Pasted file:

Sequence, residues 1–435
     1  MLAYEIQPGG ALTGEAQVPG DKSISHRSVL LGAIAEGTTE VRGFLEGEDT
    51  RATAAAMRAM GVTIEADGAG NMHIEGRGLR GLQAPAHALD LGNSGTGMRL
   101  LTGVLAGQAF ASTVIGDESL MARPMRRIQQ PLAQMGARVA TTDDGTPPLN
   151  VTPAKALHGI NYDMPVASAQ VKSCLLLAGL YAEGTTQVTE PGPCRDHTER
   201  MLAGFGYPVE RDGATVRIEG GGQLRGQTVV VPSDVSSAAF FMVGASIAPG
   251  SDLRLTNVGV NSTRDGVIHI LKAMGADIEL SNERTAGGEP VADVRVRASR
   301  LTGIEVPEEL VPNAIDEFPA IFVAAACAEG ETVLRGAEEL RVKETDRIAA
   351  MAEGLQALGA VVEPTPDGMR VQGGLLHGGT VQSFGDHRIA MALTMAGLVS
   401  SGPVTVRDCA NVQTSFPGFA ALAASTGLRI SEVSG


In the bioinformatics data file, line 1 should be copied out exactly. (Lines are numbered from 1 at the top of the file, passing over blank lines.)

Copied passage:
Sequence, residues 1–435